A recent column in Psychology Today put the U.S. divorce rate between 42 and 45 percent. No wonder investors can be leery of backing a company with married co-founders. They fear a failed relationship will kill the business. Should they? An investor and a co-founder whose perspectives make them uniquely suited weigh the pros and cons.
Why might it be harder for married co-founders to find investors?
Vicki Fulop: It was a fairly smooth process for us, but maybe it scares investors because of preconceived notions of people having a relationship before they launch a startup.
Jonathan Tower: Sometimes, the board needs to take action, and how do you do that when the founders are married? Those are complexities you don't find with college roommates.
What strengths might married co-founders bring?
Fulop: You have already committed to a life together. It almost alleviates a little bit of worry because you know you're in it for the long haul.
Tower: There are probably certain things that a husband and wife team won't do to each other. You probably won't find the husband screwing his wife out of stock options.
What can go wrong?
Fulop: We thought we might have trouble recruiting. That's why our first hire was a VP of people and culture. I didn't have a job when we started, and Rich was making a pretty low salary--we had no health insurance and no security.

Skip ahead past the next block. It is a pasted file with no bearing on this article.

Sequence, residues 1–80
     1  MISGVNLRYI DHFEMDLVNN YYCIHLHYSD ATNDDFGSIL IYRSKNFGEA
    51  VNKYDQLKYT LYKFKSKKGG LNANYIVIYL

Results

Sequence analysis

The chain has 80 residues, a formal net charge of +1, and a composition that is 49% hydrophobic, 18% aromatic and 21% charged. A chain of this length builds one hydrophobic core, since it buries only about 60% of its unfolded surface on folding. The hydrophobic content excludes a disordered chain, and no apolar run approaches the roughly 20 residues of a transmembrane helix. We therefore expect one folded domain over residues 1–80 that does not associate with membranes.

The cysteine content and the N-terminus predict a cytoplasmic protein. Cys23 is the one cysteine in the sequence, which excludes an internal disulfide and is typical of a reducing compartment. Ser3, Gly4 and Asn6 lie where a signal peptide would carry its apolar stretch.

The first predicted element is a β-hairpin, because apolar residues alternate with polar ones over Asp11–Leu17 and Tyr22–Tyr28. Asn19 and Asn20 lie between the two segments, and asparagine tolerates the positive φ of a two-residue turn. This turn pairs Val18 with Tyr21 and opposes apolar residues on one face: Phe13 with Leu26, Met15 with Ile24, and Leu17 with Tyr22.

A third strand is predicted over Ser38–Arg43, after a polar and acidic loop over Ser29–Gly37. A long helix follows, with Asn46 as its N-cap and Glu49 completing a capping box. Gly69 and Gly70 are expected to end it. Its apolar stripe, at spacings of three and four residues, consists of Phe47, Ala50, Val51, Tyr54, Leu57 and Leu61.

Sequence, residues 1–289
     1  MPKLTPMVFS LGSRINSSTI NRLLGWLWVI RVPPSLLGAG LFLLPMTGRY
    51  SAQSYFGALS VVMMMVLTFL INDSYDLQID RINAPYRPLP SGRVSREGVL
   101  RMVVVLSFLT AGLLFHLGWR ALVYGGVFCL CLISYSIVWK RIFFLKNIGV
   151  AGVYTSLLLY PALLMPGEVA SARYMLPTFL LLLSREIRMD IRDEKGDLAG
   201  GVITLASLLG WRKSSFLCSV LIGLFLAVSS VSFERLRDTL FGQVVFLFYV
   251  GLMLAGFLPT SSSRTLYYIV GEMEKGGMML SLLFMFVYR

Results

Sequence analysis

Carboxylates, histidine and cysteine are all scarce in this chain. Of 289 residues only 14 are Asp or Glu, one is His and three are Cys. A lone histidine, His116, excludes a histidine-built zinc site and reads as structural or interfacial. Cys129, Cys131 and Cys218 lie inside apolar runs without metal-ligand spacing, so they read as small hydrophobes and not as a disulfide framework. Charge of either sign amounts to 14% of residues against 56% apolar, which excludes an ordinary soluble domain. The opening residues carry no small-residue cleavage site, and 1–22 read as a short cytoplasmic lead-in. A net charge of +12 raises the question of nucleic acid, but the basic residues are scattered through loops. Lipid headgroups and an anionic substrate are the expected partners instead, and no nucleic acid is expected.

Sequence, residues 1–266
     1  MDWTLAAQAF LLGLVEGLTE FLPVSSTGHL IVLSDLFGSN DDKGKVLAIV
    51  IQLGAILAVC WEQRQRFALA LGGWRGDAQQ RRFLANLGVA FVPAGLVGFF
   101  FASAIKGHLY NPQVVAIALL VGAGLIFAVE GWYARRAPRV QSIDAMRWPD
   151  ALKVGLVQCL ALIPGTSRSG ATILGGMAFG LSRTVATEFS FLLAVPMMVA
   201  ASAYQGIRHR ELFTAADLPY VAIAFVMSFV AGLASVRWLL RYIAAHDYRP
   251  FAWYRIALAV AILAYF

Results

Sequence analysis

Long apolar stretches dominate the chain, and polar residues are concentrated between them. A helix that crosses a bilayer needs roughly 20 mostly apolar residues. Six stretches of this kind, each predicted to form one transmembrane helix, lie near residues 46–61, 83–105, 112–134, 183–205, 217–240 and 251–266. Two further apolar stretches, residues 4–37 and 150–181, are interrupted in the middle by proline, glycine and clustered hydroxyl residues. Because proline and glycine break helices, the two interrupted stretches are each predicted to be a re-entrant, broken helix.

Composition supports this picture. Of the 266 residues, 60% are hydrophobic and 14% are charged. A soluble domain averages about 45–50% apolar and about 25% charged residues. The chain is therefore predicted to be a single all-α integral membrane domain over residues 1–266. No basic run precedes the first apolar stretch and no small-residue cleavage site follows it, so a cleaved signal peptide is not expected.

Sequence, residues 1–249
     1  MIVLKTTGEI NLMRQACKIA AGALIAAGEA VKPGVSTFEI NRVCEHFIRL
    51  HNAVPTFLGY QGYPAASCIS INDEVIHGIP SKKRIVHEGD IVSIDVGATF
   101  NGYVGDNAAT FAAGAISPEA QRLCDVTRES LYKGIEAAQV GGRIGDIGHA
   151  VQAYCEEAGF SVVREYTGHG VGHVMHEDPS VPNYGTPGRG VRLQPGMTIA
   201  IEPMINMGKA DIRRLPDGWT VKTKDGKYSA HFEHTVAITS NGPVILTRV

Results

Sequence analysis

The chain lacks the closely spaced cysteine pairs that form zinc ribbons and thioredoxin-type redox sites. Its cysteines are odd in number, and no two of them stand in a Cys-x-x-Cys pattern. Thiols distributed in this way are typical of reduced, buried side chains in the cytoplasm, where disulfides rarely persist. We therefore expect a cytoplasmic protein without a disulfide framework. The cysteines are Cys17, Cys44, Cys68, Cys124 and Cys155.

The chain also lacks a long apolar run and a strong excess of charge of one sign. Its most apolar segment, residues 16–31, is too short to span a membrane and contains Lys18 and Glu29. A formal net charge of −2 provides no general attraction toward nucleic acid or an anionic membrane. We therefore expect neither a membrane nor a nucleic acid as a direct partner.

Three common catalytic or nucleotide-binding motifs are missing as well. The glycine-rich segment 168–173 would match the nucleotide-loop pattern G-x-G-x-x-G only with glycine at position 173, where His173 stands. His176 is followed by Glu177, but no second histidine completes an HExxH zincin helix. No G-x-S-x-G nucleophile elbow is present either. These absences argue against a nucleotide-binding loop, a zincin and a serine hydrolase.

Tower: Recruiting. Potential hires don't want to be involved in marital spats, and might wonder if the founders are objective enough to evaluate each other's performance and make needed changes.
What financial safeguards do married founders need?
Fulop: If Brooklinen didn't succeed, we were going to move in with our parents, buy emergency health coverage, and find new jobs. But I'm from the former Soviet Union--the worst would still be something I was comfortable with.
Tower: Couples need to know long in advance: What's the fallback plan? Investors need to know that the team is in it for the right reasons, and won't scatter to the winds the first time there is an obstacle.
Coupled co-founders separating have led to major headaches--ugly lawsuits, financial complications--for such companies as Tory Burch, Tinder, Burt's Bees, Esprit, and Wynn Resorts.